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Parable of the skilled shepherd boy and his ample life lessons for CBC

OPINION
By Peter Kimani | September 10th 2021
Pupil at Nyamachaki Primary School in Nyeri [Kibata Kihu, Standard]

It was my turn to help with homework this week, but I couldn’t access the portal where it had been deposited. See, there was an application for us to download, although the credentials that were offered never worked.

So, I spent a crucial half-hour combing through mails that may have provided login details, to no avail. In despair, I called the class teacher — with a genuine sense of trepidation — since one might be tempted to query if we expect teachers to work day and night.

Anyway, the teacher didn’t take the call and by the time she called back, someone more literate had managed to log in and retrieve the assignment. My six-year-old son was expected to untangle a dozen words, including these two: "grcnetael" and "crtaehe".

I couldn’t work out this puzzle, even though I’d think I have some decent level of education. Definitely not bright enough for Grade One homework! Turns out the first word is “rectangle” and the other is “teacher”!

I will not re-enact the misgivings that many Kenyans have expressed about the Competency-Based Curriculum, whose pioneer class will transition to junior high next year.

But I will reference one parent who laid it on the line. He posted on social media that his child was expected to take a picture as they nurtured a domestic animal within their household. Suppose you live on a 10th floor apartment in Nairobi’s Pipeline, the parent wrote, what animals inhabit your universe, besides flies and mosquitoes?

Even that is a conflation, elevating insects to the animal kingdom, but the point had been made. One would be hard-pressed to understand the universe that the CBC architects inhabit. They make too many unintelligent assumptions about our society.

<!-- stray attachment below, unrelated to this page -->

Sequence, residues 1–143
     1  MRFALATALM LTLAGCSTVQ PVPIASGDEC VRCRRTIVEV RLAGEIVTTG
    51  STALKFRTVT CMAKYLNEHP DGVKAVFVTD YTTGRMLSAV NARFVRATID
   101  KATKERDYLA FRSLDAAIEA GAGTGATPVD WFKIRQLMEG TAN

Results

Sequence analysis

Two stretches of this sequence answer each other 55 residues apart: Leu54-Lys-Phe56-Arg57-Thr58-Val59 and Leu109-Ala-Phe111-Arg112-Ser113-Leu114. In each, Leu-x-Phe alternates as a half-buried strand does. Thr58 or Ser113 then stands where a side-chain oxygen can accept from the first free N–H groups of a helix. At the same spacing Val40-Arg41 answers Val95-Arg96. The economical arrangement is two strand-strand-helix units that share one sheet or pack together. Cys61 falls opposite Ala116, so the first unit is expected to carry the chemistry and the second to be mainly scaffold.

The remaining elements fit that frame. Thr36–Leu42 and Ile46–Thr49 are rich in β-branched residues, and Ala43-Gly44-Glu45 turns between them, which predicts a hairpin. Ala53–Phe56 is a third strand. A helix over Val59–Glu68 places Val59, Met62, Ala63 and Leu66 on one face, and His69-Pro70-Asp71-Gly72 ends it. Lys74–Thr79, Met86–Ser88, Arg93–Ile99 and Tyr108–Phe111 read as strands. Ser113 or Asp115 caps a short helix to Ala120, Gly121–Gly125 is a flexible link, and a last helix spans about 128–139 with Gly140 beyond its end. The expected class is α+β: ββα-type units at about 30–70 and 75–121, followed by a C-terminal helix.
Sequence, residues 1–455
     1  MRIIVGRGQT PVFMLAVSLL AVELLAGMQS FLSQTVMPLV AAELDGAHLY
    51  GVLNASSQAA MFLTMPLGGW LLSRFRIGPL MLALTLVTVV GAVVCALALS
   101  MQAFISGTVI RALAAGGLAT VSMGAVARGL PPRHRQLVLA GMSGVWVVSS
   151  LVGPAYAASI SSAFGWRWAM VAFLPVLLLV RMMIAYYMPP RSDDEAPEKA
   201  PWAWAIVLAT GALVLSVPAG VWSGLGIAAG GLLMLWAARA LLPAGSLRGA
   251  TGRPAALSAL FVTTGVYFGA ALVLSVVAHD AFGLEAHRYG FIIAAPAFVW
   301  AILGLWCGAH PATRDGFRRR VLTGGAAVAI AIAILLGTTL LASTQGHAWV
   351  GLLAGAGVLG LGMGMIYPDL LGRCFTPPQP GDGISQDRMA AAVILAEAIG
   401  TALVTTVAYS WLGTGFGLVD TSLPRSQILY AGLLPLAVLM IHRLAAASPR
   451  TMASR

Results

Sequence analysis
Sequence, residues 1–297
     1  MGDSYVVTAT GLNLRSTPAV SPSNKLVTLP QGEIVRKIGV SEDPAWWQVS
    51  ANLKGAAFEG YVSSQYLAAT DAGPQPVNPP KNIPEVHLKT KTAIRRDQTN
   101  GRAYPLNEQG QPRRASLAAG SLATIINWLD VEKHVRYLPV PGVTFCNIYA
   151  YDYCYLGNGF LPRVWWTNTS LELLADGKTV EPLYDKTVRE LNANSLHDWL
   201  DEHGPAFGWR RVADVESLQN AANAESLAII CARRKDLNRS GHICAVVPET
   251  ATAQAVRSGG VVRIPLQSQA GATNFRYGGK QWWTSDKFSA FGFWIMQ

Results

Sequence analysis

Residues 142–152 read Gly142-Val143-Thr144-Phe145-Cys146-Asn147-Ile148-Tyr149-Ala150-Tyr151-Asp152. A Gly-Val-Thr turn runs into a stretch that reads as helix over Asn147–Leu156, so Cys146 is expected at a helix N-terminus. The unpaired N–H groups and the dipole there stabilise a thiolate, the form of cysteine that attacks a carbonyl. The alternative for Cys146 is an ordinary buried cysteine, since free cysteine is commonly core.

But since I’m not in the mood to scold others for their upumbavu (guess I’m too humbled after failing a Grade One assignment), I’ll share a more uplifting episode.

Some moons ago, a lad came to my door. He wore a big smile and a bright-coloured shirt. He wanted a glass of water to quench his thirst, as he grazed his family herd. I estimated he wasn’t a day older than 12 years.

I summoned the young man of my house, almost of similar age, to get water for the shepherd. He sprinted out of the house and back in record time, to catch up with a computer game he was playing on the play-station.

Days and weeks later, I kept running into the shepherd boy and he would beam his bright smile and shout his greetings. Occasionally, he’d say: “Rafiki, ninunulie ngumu!”

The shepherd boy might not know how to spell “teacher” and “rectangle” from the back, just like me, but he will be fine. After all, he has all the skills needed to survive in this wide world.

He has people skills, and so can negotiate for something to eat or drink. And at this early age, he has been fully integrated in the family economy. He is relied upon to ensure the family wealth and health continues to grow.

I don’t know yet what life skills our children will be bequeathed by the time they leave school, but allow me to share the few skills that we received as pioneers of the outgoing system of education: we learnt to build a mud hut without a nail and sew a pyjama by hand!  

They have served me very well, of course...

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